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Catholics serve up St. Paddy's special

March 17, 2000|By KERRY LYNN FRALEY

Roman Catholics in West Virginia who'd like to chow down on corned beef and cabbage on St. Patrick's Day may have to cross the Potomac River to enjoy the traditional Irish-American dish.

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Catholics in the Archdiocese of Baltimore - including Washington and Frederick counties - have been granted a special dispensation from the Catholic Church's rule of not eating meat on Fridays during Lent.

But Catholics across the Potomac River in West Virginia's Eastern Panhandle haven't gotten a similar break from their bishop.

Despite well-publicized easing of the church rule in places like Boston and Philadelphia and requests from Catholics in his area, Bishop Bernard W. Schmitt of the Catholic Diocese of Wheeling-Charleston, has held fast, according to the Rev. Larry Dorsch, spokesman for the diocese.

For one thing, West Virginia doesn't have a large concentration of Irish-Catholics, Dorsch said.

More important, St. Patrick's Day is more of an ethnic celebration and not really celebrated by the Catholic Church as a major saint feast day except in parishes that bear his name, he said.

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"As much as the Irish don't want to hear it, St. Patrick's Day is not a feast day in the Catholic community," Dorsch said.

The same church law that says Catholics must abstain from eating meat on Fridays during Lent gives each bishop the option of making an exception for his jurisdiction, said David Early, spokesman for the National Conference of Catholic Bishops in Washington, D.C.

Historically, it hasn't been uncommon for bishops in areas with a significant Irish-American presence to give followers what's referred to as a special dispensation, or easing of the church law, when St. Patrick's Day has fallen on a Friday during Lent, Early said.

Because it's up to each bishop to decide for himself and there's no requirement for them to report the decision, Early said he has no way of knowing how many bishops have granted special dispensations this year.

Special dispensations apply to a bishop's geographical area, not where the Catholic lives or goes to church, he said.

All but one of the four Tri-State area dioceses have gotten a break from the rule this St. Patrick's Day.

Catholics in Franklin County, Pa., got a special dispensation because St. Patrick is the patron saint of the Diocese of Harrisburg, which has jurisdiction over the county, according to Peggy Fortier, managing editor of the diocese's newspaper, The Catholic Witness.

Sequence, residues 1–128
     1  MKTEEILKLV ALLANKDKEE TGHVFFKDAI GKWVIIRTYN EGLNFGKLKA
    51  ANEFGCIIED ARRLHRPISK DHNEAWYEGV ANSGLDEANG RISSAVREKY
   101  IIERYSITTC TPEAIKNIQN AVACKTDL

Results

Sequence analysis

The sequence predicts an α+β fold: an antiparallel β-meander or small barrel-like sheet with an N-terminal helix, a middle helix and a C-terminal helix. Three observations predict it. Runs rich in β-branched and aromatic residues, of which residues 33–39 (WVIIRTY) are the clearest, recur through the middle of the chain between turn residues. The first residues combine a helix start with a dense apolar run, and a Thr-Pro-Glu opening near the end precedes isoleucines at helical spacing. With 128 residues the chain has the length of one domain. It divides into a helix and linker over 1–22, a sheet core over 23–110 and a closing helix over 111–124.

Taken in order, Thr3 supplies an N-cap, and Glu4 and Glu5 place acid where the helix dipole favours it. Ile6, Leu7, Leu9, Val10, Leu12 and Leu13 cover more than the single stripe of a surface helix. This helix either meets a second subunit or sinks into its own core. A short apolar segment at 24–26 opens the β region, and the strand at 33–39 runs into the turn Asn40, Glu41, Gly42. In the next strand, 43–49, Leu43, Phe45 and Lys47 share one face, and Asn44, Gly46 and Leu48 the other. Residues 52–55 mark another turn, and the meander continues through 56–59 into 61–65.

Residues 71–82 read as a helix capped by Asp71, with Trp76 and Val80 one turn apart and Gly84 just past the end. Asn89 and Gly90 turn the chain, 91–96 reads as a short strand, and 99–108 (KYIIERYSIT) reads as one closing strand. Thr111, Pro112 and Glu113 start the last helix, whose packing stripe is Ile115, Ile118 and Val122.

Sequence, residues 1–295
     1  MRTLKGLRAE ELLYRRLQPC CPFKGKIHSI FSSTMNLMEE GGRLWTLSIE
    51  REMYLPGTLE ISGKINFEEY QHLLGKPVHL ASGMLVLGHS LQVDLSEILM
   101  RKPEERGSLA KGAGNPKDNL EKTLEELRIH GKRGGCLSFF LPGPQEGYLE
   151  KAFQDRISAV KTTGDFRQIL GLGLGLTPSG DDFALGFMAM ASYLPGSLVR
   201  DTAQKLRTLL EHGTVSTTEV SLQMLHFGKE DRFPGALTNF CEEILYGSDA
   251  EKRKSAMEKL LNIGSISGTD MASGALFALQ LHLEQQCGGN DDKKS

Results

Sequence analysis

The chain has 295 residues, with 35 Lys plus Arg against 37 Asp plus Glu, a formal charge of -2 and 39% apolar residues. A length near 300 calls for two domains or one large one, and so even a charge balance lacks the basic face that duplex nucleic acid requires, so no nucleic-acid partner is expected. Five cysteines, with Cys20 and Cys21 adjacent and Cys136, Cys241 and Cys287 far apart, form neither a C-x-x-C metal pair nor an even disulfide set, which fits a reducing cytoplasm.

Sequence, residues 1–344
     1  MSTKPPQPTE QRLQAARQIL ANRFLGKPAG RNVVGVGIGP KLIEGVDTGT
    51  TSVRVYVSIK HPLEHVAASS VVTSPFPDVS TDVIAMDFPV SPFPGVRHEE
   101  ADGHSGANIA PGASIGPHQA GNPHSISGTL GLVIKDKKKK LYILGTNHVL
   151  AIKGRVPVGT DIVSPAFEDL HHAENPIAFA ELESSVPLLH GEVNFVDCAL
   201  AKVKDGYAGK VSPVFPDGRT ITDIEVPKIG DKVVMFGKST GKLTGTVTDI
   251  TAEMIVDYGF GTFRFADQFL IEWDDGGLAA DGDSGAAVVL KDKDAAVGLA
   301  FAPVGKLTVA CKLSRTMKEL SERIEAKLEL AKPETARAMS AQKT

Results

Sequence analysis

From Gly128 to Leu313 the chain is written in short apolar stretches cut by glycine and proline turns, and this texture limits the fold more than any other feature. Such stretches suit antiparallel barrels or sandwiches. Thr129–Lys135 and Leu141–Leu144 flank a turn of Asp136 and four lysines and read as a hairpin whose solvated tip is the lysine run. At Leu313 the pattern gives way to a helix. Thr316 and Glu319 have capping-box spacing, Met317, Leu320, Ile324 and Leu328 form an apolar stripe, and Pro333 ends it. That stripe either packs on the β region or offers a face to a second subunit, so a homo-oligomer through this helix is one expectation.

The diocese always has a special celebration of his saint day, Fortier said.

This year, Bishop Nicholas C. Dattilo decided to lift the Friday abstinence requirement as part of that celebration, she said.

While Fulton County, Pa., has a small Irish-Catholic population, Catholics there benefited from the large Irish-Catholic population in other parts of the Diocese of Altoona-Johnstown, said diocese spokeswoman Sister Mary Parks.

Parks said Bishop Joseph V. Adamec, the diocese's first non-Irish bishop, was conscious of the fact that people wanted to celebrate their Irish heritage on St. Patrick's Day, Parks said.

Adamec granted the dispensation but asked that people pray for peace in Northern Ireland that day, she said.

According to the memo sent out to pastors in the Archdiocese of Baltimore, Cardinal William Keeler granted a dispensation "because there are many people in the Archdiocese who are of Irish heritage and others who wish they were, and because they desire to eat corned beef and cabbage on St. Patrick's Day."

Hagerstown resident Karen Gullace said she was hoping for a special dispensation, which she remembered getting in the past, to keep up a family tradition of eating corned beef and cabbage on the holiday.

"Well, being Irish, I'm kind of happy," said Gullace, 44, youth minister at St. Ann Catholic Church in Hagerstown.

Before the announcement of the dispensation was made last weekend, Gullace said she'd thought about moving the meal to Saturday or Sunday.

It's the only time of the year her four children, ages 10, 11, 15 and 17, get excited about the ethnic dish, she said.

Because she doesn't normally eat corned beef and cabbage on St. Patrick's Day, Cathy Carnahan said it's not a big deal for her that Catholics in West Virginia didn't get the break their neighbors did.

"If the church says no meat on Friday, hey, that's fine," said Carnahan, who said the ban hasn't been an issue at St. Leo Catholic Church in Inwood, W.Va.

Even if she had a taste for corned beef, she said she just wouldn't feel right about going up to Hagerstown or somewhere else that's exempt to indulge.

"That has to do with your heart," she said.

The Rev. John DiBacco, pastor of St. Joseph Catholic Church in Martinsburg, W.Va., said he hasn't heard any complaints from parishioners about the disparity.

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